From Cooper’s Existentialism: A Reconstruction:
‘In the end,’ writes Marcel, ‘there must be an absolute commitment’, and what
‘matters most’ is the ‘fidelity’ demanded by this commitment. This squares with his earlier rejection of commitment to principles as ‘idolatrous’, since the commitment now in view is to persons — to other people and to God. (Like Buber, Marcel thinks that fidelity to people is intelligible only through a similar relation to God. …)
Corresponding to this commitment to others is a further form of availability. Earlier, unavailability was understood intellectually, as a ‘hardening’ of a person’s descriptive and evaluative categories. What matters more to Marcel
is unavailability to other people. This is ‘rooted in alienation’ from them, an inability to allow them a ‘presence’ or ‘influx’ in one’s life. They are mere ‘cases’ or ‘objects’. ‘When I am with an unavailable person, I am conscious of being with someone for whom I do not exist.’ The last volumes of Proust’s novel depict, in Marcel’s opinion, a coterie of people chronically unavailable to each other, obsessively enclosed in their private worlds as Proust himself was in his cork-lined room.
The remedy for such unavailability is commitment: for it is only through this that others come to ‘have a hold’ on me. And it is through this ‘hold’, and the reciprocal one which I have on them, that our lives interpenetrate and we become truly ‘present’ to one another. But what are the constituents of this reciprocal commitment? In part, the mutual exercise of the Christian virtues of faith, hope and charity. In charity or ‘generosity’, for instance, I must be pennanently ‘on call’ for the other person, in case he is in need. More interesting is the point made, in very Buberian terms, in this passage: ‘if I treat the Thou as a He [or any identity], I reduce the other to … nature: an animated object … If I treat the other as Thou, I treat him and apprehend him qua freedom … what is more, I help him … to be freed, I collaborate with his freedom.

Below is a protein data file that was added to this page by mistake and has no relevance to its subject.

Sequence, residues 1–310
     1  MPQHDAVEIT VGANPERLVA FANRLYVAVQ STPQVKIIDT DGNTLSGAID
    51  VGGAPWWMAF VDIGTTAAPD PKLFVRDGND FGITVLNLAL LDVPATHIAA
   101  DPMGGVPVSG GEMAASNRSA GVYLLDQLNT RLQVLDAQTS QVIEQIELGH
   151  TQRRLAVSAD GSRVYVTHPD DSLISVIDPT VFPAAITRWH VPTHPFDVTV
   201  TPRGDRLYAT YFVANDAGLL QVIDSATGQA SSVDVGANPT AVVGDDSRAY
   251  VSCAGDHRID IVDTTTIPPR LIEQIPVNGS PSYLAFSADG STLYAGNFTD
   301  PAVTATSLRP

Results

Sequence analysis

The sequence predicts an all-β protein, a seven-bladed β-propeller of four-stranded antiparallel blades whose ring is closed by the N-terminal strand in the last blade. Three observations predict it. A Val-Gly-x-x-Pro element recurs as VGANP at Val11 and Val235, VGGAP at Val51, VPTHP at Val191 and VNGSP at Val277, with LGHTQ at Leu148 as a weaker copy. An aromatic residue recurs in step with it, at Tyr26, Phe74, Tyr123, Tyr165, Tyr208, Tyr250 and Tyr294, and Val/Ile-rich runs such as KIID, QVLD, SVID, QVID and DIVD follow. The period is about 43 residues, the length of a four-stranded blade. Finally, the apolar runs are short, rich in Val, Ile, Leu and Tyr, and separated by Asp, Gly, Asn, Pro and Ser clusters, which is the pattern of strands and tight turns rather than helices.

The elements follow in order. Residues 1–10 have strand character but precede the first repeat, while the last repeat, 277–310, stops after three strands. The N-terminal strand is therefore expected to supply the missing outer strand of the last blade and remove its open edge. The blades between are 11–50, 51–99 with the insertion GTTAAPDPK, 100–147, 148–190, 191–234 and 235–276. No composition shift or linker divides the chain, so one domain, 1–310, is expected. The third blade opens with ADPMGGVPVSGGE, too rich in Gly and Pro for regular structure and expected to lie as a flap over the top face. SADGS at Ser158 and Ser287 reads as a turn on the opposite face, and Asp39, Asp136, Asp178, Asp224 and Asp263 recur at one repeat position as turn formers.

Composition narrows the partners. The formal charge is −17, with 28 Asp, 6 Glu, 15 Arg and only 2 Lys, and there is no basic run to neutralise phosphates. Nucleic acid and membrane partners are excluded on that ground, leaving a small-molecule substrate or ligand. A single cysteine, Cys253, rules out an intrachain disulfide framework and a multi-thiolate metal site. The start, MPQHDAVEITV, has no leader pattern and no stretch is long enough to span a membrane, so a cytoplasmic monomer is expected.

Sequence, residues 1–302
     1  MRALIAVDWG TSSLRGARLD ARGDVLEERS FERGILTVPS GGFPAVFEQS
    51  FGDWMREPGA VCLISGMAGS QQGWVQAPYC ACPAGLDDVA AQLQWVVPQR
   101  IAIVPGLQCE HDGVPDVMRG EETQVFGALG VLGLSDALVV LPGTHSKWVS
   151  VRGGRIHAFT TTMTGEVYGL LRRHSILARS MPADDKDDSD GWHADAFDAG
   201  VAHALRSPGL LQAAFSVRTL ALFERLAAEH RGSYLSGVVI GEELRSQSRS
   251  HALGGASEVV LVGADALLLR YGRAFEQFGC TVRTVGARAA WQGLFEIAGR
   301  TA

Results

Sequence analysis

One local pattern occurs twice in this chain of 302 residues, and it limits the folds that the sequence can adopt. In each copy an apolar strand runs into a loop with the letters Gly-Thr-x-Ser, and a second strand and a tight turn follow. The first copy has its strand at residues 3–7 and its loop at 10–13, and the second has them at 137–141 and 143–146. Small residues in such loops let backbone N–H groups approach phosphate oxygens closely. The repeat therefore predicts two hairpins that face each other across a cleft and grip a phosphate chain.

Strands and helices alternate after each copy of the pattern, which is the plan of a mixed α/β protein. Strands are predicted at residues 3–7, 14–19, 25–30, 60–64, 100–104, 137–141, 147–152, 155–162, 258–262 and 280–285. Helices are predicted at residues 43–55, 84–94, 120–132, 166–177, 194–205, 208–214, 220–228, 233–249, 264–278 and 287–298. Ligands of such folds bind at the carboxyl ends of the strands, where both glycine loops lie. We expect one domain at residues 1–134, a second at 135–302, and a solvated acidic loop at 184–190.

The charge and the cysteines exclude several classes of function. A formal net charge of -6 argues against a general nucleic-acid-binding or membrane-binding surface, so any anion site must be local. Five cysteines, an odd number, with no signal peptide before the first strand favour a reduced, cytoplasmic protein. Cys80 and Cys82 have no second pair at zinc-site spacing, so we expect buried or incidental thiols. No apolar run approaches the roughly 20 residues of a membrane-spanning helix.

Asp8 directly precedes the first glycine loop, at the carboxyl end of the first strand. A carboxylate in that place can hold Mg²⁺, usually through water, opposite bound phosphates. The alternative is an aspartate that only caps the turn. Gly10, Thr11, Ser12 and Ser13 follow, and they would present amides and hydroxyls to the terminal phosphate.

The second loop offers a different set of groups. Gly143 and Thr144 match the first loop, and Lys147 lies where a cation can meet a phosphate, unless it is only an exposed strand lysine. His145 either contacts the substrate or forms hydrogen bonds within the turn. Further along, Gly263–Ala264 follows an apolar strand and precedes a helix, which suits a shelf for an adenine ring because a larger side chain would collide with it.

Availability, then, is a reciprocal relation through which each party is committed not only to treating the other as a free person, but to enabling and ‘collaborating with’ his freedom. This has an important implication. A person can only realize himself’ qua freedom’ as a participant in such reciprocal relations. For, outside of them, he is without ‘collaborators’ to ‘help him … to be freed’. This is what Marcel emphasizes when he writes that in contrast to the ‘captive soul’, the one which is available to others ‘knows that … its freedom … does not belong to itself.
With remarks like these, it is clear that Marcel is in the territory not only of Buber, but of Sartre who, we know, also states that a person’s freedom
‘depends entirely upon the freedom of others’.
Existentialism was conceived in the years preceding the Second World War, when the public became a They, a mass of “people chronically unavailable to each other”.
When folks get woke or red-pilled, they lose availability.
That is how I experience politics.
That is why I hate ideologies: They kill the souls of past, present and future friends and turn them into body-snatched aliens.